Congenital seminal vesicle cyst with ipsilateral renal agenesis, vascular anomalies and intestinal malrotation.
A 37-year-old man presented to the emergency room with a 1-day history of right lower-quadrant pain. There was no associated fever, vomiting, diarrhea, dysuria or hematuria. There were no significant medical or surgical histories. He was not on any medications.
The vital signs on admission were normal:
-Blood pressure 130/80,
-Respiratory rate 16,
Physical examination revealed a comfortable patient in no acute distress, who was alert and oriented in time, space and person.
The abdomen was soft, slightly tender in the right lower quadrant, but with no rebound tenderness. Bowel sounds were present.
The patient was then sent to the radiology department for computed tomography (CT) of the abdomen and pelvis to exclude appendicitis, Meckel's diverticulitis or any other pathology.
CT of the abdomen and pelvis revealed absence of the right kidney (Figure 1) with compensatory hypertrophy of the left kidney. The liver, spleen, gallbladder and the adrenal glands had an unremarkable appearance. A cystic structure measuring approximately 5.6 cm x 3.2 cm was noted at the base of the urinary bladder, in the right seminal vesicle, consistent with a seminal vesicle cyst (Figure 2).
[FIGURE 1 OMITTED]
Incidental note was also made of double inferior vena cavae (Figures 1 and 3) and transposition of the superior mesenteric artery and superior mesenteric vein axis with associated intestinal malrotation. There was also abnormal arrangement of the small and large bowel, with the small bowel predominantly in the left half of the abdomen and the large bowel in the right half of the abdomen (Figure 4).
Congenital seminal vesicle cyst with ipsilateral renal agenesis, vascular anomalies and intestinal malrotation. Differential diagnosis: mullerian duct cyst, ejaculatory duct cyst, diverticulosis of the vas deferens, ectopic ureterocele and abscess.
[FIGURE 2 OMITTED]
[FIGURE 3 OMITTED]
[FIGURE 4 OMITTED]
Cysts of the seminal vesicles usually become apparent in the second to third decades during the period of greatest sexual or reproductive activity. (2) Seminal vesicle cysts <5 cm may remain asymptomatic and are usually discovered inci dentally as a palpable abdominal mass or on digital rectal examination as a palpable fluctuant mass arising from the superior aspect of the prostate. Commonly reported symptoms include abdominal, perineal, pelvic and ejaculatory pain. Others include dysuria, urinary frequency, hematuria, urinary tract infections, infertility, hemospermia and, rarely, enuresis. (1-4)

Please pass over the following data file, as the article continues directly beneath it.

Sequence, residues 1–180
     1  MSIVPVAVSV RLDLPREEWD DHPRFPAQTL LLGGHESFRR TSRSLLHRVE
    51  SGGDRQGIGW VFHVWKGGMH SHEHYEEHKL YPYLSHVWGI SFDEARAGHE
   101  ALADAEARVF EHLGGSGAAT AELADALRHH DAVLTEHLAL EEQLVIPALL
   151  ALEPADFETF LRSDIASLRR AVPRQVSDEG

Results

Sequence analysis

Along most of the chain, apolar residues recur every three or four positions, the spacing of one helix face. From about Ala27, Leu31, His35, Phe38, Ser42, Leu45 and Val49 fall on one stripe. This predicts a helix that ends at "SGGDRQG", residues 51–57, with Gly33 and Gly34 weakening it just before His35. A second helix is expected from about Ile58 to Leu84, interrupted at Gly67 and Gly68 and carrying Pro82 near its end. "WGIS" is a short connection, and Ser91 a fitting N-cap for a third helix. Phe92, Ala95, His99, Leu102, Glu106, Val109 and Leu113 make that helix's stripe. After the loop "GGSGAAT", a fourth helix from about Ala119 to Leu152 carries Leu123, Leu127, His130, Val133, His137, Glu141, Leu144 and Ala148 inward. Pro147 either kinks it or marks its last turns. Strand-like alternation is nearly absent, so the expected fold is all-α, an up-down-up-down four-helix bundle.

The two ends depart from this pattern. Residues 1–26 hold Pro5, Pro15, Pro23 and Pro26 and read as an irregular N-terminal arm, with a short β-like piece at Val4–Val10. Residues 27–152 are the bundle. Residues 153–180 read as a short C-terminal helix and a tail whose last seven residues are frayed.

Cysts of the seminal vesicles >12 cm have been termed "giant" cysts.
Seminal cysts may be congenital or acquired. (5) The congenital cysts are usually unilateral with no predilection for side. (1) Acquired cysts are often bilateral and are seen in an older age group after a history of chronic prostatitis or prostate surgery.
The association between seminal vesicle cysts and ipsilateral renal agenesis can be explained by their common embryologic origin. The ureteral bud arises from the dorsal aspect of the distal mesonephric duct, which extends in a dorsocranial fashion to meet and induce differentiation of the metanephric blastema. This forms the adult definitive kidney. The mesonephric duct differentiates into the appendix of the epididymis, paradidymis, vas deferens, ejaculatory duct, seminal vesicles and hemitrigone. (6)
The differential diagnosis of cystic pelvic masses in the male includes mullerian duct and ejaculatory duct cysts, both of which are midline in location. Other possibilities include prostatic cysts and, more lateral in location, diverticulosis of the vas deferens, ectopic ureterocele and abscess. The presence of spermatozoa in the cystic aspirate differentiates the seminal vesicle cysts from the mullerian duct cysts.